COVID-19 hospitalizations are on the rise in the Kansas City area, due in part to the highly contagious BA.5 subvariant.
Nationally, the number of daily average coronavirus cases is higher than at the end of last July when the Delta variant began sweeping across the United States, according to case data monitored by New York Times.
“If you compare where we are with [hospitalizations for] the BA.5 variant, we’re getting back to where we were with the delta variant,” said Dr. Steve Stites, chief medical officer at The University of Kansas Health System, in a news briefing on Wednesday, July 20. “And no matter how you look at it, the percent positivity [of COVID-19 tests] is now the third-highest it’s been during the entire pandemic.”
Sites noted that this trend is especially impacting seniors. He recommended distancing from others, gathering outdoors when possible, staying home when sick and wearing a mask. These measures are especially important for those with weakened immune systems.
The BA.5 lineage of the omicron variant has the ability to evade some antibodies caused by vaccination and past infections, so it is reinfecting some people who have had COVID recently. However, the protection provided by currently available vaccines and booster shots is still the best defense against severe illness and hospitalization from COVID-19.
What does Kansas City’s COVID-19 data look like this week?
Officials reported a total of 3,095 new cases in the Kansas City area since last week. That’s lower than last week’s total of 3,902 new cases. However, this case count only includes data from Johnson County through Tuesday morning, due to a recent change in the way the county reports COVID-19 information. That means the county only contributed about half a week’s case data to this full week’s total.
Since many people are taking COVID tests at home, which aren’t publicly recorded, experts say real case totals are likely anywhere from two to five times higher than what data shows.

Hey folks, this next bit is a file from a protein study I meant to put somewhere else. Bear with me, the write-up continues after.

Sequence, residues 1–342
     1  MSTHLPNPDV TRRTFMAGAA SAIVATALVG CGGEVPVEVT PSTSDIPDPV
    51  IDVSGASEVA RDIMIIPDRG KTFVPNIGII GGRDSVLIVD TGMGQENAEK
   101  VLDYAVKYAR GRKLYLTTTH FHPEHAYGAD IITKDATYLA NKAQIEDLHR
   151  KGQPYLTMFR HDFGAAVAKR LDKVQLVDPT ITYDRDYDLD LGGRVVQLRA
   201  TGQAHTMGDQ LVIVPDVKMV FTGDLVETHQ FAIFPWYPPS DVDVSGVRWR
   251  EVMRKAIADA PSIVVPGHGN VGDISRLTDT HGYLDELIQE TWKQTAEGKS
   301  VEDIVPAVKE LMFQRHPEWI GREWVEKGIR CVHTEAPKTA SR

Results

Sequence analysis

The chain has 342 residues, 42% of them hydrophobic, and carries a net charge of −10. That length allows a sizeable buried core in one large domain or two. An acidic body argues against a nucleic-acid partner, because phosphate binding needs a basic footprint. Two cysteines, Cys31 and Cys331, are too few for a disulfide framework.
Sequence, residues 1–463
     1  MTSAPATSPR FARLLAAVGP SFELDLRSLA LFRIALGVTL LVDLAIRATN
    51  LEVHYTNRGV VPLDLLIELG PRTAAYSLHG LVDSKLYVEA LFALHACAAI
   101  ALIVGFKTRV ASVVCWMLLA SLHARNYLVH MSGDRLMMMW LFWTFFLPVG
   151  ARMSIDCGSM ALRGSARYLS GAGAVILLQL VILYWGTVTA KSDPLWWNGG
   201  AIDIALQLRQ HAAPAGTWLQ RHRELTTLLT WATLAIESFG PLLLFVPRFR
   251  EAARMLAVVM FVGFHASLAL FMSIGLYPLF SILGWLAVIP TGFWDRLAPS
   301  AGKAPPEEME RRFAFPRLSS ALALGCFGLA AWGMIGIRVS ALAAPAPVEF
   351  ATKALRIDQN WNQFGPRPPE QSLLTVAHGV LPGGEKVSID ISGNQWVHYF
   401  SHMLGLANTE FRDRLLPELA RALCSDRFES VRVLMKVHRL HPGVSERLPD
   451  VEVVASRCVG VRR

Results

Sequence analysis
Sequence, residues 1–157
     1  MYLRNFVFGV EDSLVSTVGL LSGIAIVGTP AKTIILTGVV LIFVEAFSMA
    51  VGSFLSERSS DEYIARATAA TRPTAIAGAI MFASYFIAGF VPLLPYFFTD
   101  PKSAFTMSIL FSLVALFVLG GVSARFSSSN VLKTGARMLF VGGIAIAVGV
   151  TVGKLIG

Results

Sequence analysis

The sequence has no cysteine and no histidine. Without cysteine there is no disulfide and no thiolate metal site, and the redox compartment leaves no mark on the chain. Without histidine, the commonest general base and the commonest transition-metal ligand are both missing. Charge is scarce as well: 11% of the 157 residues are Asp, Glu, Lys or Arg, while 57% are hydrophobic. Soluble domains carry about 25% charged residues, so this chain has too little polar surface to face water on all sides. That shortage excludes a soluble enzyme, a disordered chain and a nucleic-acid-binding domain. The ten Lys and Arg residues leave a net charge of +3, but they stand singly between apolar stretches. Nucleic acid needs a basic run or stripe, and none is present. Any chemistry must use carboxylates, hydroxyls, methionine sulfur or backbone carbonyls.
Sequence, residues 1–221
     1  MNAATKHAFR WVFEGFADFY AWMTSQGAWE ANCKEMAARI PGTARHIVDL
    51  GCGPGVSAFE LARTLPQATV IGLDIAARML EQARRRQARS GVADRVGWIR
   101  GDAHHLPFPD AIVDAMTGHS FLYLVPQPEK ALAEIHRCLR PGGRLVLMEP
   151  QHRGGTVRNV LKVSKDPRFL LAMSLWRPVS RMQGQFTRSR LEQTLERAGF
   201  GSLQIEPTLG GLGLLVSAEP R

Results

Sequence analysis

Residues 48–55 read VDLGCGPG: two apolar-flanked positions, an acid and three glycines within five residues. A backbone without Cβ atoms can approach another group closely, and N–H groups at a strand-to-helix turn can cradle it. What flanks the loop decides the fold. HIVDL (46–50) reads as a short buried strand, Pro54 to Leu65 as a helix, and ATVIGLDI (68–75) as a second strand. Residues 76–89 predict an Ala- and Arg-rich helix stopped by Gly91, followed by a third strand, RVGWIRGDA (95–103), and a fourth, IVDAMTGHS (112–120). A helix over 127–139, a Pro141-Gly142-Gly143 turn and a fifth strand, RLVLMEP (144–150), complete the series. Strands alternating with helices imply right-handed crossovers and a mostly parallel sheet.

The state of Missouri is no longer reporting death counts at the county level. Johnson County and Wyandotte County did not report any new deaths since last week. That keeps the Kansas City metro area’s death total at at least 4,339 since the pandemic began.
How are hospitals holding up?
The University of Kansas Health System is treating 29 patients with active COVID-19 infections, up from 23 at this time last week. Eight of these patients are in the ICU, and four of them are on ventilators.
“Eight are now in the ICU– I don’t like that number,” said Stites. “That’s something we’ll really have to keep an eye on…. BA.5 is out there, and it’s not to be trifled with.”
Hospital officials do not yet know whether a new variant of concern, omicron BA.2.75, is present yet in the Kansas City area. For now, the highly contagious BA.5 strain remains dominant in the metro. While vaccines formulated to fight the omicron variant and its subvariants are coming, the currently available vaccines remain the best protection against getting sick from COVID-19.
What are the COVID-19 risk levels in the Kansas City area?
Jackson, Wyandotte and Johnson counties remain at “high” community levels of COVID-19 since last week. That means the CDC recommends wearing a mask indoors regardless of your vaccination status, maintaining good ventilation and getting up to date on your vaccines and boosters.
Clay and Platte counties are still at a “medium” community level, which carries similar recommendations. However, masks are not encouraged indoors at this level unless you are immunocompromised or indoors with someone who is.
All five counties that make up the Kansas City metro area remain at “high” transmission levels, along with most of the other counties in the nation. That means your risk of catching COVID-19 in public is elevated. CDC data shows that over 93% of US counties are experiencing this elevated risk.
How vaccinated is the Kansas City area?
Vaccination rates in the area are rising slowly, with 62.95% of the population fully vaccinated in the Kansas City region. Eastern Kansas has a higher vaccination rate, at 71.43%, than western Missouri does at 56.63%.
Getting vaccinated and obtaining a booster shot is still the most effective way to protect yourself and others from COVID-19. Both mRNA booster shots (Pfizer and Moderna) are safe and effective at reducing the risk of severe illness, hospitalization and death.
Do you have more questions about staying safe from COVID-19 in Kansas City? Ask our Service Journalism team at firstname.lastname@example.org.